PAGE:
A new proposal to help students deal with New York City’s controversial ban on cell phones in public schools is getting a lot of buzz, but it might hit a dead zone first. Officials say they are exploring whether to install special lockers outside some schools to store students’ cell phones, a development that delayed recent court arguments on the ban. Plenty of parents and students who oppose the ban, however, are signaling pessimism about the logistics.

“I wish it would work, but I just know it won’t,” said Dorothy Giglio, 53, a co-president of the Parent Teacher Association at James Madison High School. “I have almost 4,300 students in my building. I cannot envision 4,300 lockers in front of the building.”

The lockers won’t likely be in place until the fall, and even then the program might launch at only one or just a handful of schools, said David Cantor, a schools spokesman. He said the school system is searching for a vendor who can absorb the entire cost of the operation. That would probably require charging students for use of the lockers, perhaps a quarter or 50 cents each time.

The lockers will have to be outside the school building, Cantor said, acknowledging that the largest schools would have the hardest time finding places for them and handling the flow.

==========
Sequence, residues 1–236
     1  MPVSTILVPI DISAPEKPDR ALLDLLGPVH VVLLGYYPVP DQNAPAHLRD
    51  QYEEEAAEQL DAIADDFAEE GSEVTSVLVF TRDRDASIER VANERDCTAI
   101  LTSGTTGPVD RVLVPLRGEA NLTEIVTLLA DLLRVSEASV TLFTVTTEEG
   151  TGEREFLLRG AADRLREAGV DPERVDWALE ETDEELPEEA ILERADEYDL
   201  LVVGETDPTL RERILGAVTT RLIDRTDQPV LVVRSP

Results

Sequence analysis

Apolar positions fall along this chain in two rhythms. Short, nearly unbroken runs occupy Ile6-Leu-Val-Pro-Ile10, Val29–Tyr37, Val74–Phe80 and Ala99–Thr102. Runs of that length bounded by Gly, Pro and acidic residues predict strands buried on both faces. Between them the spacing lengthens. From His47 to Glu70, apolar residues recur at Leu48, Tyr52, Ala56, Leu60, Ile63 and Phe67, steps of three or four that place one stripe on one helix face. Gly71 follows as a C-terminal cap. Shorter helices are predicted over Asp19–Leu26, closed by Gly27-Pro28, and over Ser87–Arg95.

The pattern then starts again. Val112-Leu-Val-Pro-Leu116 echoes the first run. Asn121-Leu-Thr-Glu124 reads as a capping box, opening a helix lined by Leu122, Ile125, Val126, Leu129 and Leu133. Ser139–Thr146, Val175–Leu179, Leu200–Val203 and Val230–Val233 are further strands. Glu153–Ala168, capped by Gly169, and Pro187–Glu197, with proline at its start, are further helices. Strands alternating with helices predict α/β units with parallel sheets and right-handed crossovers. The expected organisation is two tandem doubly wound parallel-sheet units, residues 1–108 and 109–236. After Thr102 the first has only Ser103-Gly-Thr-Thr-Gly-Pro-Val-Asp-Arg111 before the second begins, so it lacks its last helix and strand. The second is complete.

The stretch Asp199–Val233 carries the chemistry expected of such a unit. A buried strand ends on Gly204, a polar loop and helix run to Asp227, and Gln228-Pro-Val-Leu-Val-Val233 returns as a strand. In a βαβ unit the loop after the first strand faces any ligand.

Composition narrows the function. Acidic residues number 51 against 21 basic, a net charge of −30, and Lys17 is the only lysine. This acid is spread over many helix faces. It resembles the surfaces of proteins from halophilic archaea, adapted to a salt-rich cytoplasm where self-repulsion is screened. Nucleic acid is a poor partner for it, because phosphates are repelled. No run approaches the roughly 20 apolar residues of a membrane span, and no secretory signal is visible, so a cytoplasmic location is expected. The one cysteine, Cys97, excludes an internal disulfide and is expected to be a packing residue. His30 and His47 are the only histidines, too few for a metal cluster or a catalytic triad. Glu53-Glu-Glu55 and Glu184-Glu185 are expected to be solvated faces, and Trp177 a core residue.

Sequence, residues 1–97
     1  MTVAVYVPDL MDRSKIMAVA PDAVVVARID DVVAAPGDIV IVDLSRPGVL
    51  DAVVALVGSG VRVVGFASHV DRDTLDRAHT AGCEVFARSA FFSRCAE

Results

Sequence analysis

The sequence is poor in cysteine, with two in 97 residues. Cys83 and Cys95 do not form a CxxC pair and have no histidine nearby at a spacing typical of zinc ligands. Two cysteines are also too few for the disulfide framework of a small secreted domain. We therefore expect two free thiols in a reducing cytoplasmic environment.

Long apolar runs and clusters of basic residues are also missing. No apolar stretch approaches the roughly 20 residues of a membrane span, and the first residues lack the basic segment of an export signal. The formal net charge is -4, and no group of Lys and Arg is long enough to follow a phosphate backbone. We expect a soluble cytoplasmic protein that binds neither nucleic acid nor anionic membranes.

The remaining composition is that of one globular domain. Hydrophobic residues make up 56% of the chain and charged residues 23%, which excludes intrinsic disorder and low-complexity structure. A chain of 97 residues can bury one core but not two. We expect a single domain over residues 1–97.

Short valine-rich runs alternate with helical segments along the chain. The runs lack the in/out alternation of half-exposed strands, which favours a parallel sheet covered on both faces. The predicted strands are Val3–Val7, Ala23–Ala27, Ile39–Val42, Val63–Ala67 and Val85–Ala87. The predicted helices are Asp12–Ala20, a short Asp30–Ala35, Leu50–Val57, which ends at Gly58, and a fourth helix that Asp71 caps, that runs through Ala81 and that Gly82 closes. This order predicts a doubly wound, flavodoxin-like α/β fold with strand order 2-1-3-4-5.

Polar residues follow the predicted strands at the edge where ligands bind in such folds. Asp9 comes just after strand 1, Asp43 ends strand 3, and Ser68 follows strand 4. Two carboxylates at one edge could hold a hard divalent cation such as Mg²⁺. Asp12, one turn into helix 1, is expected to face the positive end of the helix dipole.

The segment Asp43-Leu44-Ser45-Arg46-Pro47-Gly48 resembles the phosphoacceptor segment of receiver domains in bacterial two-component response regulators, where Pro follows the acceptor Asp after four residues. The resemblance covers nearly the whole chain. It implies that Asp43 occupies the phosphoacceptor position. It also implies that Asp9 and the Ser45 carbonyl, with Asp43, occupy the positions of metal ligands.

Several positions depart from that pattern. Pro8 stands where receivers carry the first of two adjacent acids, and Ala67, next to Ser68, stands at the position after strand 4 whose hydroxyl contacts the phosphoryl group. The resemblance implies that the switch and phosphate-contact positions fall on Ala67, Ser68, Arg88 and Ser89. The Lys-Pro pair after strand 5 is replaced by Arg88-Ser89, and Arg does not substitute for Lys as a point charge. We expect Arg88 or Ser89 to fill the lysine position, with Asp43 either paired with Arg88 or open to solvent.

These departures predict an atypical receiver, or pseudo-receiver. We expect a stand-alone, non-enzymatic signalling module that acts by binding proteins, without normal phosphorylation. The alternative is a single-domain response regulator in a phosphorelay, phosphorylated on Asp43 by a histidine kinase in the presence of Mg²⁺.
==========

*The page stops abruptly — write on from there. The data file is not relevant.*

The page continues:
“We’re trying to make a real effort to be responsive to parents who felt that we were not concerned about their ability to reach their kids and their kids’ ability to reach them, while at the same time not compromising on our commitment not to let cell phones in the school doors,” Cantor said.

Some parents and students argue the idea should be dropped. The lockers could cause more problems, and not just because they’d take up space, they say.

“Especially if the lockers are outside the school, people could just break into [them],” said Rebecca Falik, a 16-year-old junior at LaGuardia High School. “And if you have to pay for it, it’s just kind of ridiculous. It’s your right to have a cell phone.”

Her father was especially opposed to a charge. “We’re supposed to have a free public education,” Eugene Falik said. “The locker proposal says the kids who have the money to rent the locker get to use it–kids who don’t, don’t.”

As things now stand, students sometimes pay corner stores small fees to hold their cell phones for the school day.

Cell phones have been banned inside the city’s schools for years, but last spring, increased efforts to monitor what students took into schools brought the subject to the forefront.

Parents staged rallies and lobbied officials to try to rescind the ban, saying they wanted their children to have the phones so they could reach them in emergencies.

School officials, as well as Mayor Michael Bloomberg, whose office controls the city public school system, argued cell phones were a distraction and could be used for nefarious purposes, including cheating.

A group of parents filed a lawsuit arguing that the ban as it currently stood was too broad and infringed on parents’ constitutional rights. (See “Parents sue NYC schools over cell-phone ban, http://www.eschoolnews.com/news/showstory.cfm?ArticleID=6549.)

Norman Siegel, a lawyer representing the parents, said the problem is that many parents want to be able to reach their children while they are on their way to school or on their way back, but that many agree cell-phone use should be limited or prohibited within the school buildings.

Oral arguments were scheduled in December, but they were delayed until Jan. 18 while the various parties learned more about the locker proposal.